Sophisticate Your Salad With Radicchio

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You would think the Salad in a Jar lady would be a salad -meister. Unfortunately, she is not.

When it comes to salads, I am a simpleton.  Too many elements or unusual ingredients and I'm turning the page or clicking the mouse. Guess I would rather be baking bread or making pies. But salad is a key player in my daily diet, so I have devised ways to make it happen without much trouble.
My number one strategy for getting more salads into my diet is vacuum-packing chopped, ready-to-eat lettuce into glass canning jars. I make 6-7 jars at a time, and they last for over a week in my fridge.
Until now, I stuffed only romaine into those jars because it is the only lettuce I found to hold up for a week to 10 days. Then one of my readers suggested I add chopped radicchio to the romaine. She claimed it would last as long as the romaine and add color, flavor and excitement to the salad.  And guess what?  She was right!
Radicchio Salad

But you don't have to vacuum-pack your lettuce to enjoy radicchio. Try it in any salad that needs a touch of sophistication and interest. You can also eat it sauteed, grilled, roasted, or baked, but that's a subject for another meal.
Radicchio Lettuce Mix

You may be thinking radicchio looks a lot like red cabbage, but don't confuse them. The color of radicchio is not as purple as red cabbage, and the flavor is worlds apart. As a member of the chicory family, radicchio has a slightly bitter but not unpleasant taste. The bitterness can be tempered by soaking in water for an hour, but I don't bother.

At first glance, radicchio seems expensive at $4.99 to $6.99 a pound.  But that beautiful red and white ball (some varieties are elongated similar to endive) is lightweight and usually costs between $1.50 to $3.00 a head, depending on the size and the store. You don't need much. One head of sliced Radicchio to 6 hearts of romaine or a quarter of a head of radicchio to 4 cups lettuce is about the perfect ratio for my tastes.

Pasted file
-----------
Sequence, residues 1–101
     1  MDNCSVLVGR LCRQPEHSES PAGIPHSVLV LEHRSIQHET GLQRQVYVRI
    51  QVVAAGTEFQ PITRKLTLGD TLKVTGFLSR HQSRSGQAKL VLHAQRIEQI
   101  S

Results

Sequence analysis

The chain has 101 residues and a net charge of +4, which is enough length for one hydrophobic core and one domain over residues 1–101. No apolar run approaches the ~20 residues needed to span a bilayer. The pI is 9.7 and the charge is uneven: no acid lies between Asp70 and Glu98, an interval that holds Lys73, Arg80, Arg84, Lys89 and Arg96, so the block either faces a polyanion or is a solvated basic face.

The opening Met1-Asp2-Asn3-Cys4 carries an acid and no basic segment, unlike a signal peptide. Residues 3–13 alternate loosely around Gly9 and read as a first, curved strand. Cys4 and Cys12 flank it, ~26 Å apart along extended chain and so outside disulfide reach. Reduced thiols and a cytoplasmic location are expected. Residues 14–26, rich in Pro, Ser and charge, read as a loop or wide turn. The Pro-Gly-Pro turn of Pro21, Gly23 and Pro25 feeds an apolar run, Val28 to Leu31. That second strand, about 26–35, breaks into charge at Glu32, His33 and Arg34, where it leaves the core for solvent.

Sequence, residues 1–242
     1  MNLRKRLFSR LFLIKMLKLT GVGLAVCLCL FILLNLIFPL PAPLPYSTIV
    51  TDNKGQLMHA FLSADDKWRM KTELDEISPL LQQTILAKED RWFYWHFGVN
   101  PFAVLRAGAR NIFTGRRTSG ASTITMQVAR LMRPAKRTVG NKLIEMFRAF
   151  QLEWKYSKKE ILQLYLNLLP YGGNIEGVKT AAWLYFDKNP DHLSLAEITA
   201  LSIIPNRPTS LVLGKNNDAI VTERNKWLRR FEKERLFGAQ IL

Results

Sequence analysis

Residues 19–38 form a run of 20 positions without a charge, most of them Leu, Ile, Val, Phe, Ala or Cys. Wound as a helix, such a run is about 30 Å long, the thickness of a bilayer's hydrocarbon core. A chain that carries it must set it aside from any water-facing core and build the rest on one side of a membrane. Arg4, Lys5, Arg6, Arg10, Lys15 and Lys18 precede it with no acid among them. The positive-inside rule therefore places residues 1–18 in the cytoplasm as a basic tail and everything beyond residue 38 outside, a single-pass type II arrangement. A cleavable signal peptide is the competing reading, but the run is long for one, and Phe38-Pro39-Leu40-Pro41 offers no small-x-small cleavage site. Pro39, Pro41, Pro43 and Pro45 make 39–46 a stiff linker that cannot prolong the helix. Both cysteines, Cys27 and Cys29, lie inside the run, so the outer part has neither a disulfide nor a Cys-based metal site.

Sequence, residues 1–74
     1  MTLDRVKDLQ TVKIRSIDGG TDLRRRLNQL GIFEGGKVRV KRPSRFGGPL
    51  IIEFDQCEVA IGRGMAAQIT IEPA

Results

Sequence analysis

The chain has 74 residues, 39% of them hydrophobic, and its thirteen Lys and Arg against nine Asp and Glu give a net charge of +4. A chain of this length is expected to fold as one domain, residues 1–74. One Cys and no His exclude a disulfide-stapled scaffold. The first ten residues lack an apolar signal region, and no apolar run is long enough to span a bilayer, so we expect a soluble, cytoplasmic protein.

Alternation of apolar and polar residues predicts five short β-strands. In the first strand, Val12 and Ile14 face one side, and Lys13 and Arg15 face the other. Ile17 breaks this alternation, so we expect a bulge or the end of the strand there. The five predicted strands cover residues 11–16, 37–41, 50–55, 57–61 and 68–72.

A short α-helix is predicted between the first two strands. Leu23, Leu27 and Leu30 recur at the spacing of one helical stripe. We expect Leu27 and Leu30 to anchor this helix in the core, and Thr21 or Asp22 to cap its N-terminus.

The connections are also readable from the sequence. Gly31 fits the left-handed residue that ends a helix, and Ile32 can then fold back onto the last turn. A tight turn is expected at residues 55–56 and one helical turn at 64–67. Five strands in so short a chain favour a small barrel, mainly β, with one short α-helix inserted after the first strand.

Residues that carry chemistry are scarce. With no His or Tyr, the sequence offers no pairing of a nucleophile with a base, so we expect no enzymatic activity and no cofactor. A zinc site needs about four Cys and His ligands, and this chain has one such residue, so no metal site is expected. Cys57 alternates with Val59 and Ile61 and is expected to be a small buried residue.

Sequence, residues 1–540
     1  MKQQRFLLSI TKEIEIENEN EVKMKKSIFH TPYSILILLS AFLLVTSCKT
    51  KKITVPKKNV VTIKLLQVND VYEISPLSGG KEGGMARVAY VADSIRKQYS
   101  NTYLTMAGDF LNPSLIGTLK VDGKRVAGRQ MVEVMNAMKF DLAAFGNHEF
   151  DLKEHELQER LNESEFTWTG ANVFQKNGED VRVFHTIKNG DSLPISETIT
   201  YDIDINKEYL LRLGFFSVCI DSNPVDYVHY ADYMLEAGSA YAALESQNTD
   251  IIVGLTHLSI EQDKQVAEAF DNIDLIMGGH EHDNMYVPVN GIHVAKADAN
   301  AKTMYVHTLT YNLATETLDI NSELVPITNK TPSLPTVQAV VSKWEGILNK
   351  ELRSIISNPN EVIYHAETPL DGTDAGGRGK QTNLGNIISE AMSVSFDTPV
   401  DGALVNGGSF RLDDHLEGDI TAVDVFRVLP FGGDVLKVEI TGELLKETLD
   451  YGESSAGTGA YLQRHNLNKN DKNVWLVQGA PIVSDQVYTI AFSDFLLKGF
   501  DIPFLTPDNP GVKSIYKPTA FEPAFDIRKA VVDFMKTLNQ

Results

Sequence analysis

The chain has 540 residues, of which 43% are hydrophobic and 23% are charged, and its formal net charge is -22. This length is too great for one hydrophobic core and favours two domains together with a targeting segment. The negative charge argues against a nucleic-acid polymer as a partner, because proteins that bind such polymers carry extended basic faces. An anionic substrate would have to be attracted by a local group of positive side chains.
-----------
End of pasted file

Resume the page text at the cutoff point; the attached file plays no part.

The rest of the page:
You've probably already tried radicchio in prepared salad mix. It's a common ingredient. But if you've never purchased  and cooked with it yourself the recipe below is a great place to start.
Radicchio Salad With Dressing

Romaine, Radicchio, and Avocado Salad

Serves: 3/4 cup




4 cups romaine lettuce, sliced (or 1 qt jar of vacuum-packed lettuce)

1/4 head of radicchio, cored and thinly sliced

1 orange, peeled and sliced (canned Mandarin oranges could be subbed)

1 avocado, peeled and diced or sliced 1/4 cup roasted cashews or almonds (I like the smoked ones), broken


1/4 cup balsamic vinegar

2 teaspoons lite soy sauce

1 tablespoon Dijon mustard

2 tablespoons maple syrup

Scant 1/4 cup non-fat, unflavored Greek yogurt

1/4 cup olive oil

2 tablespoons water


Salad: Toss all ingredients together in salad bowl or layer in a picturesque manner if the President is coming to dinner.

Dressing: Combine all ingredients in a small glass jar (pint-size) or bowl. Cover jar and shake or whisk well in bowl.

Notes Make the dressing lower in calories by reducing the oil to 1 teaspoon. The texture will not be as luxurious but you may feel less guilty.

Dressing may be made ahead. If it becomes too thick after refrigeration, add water until consistency is what you prefer.

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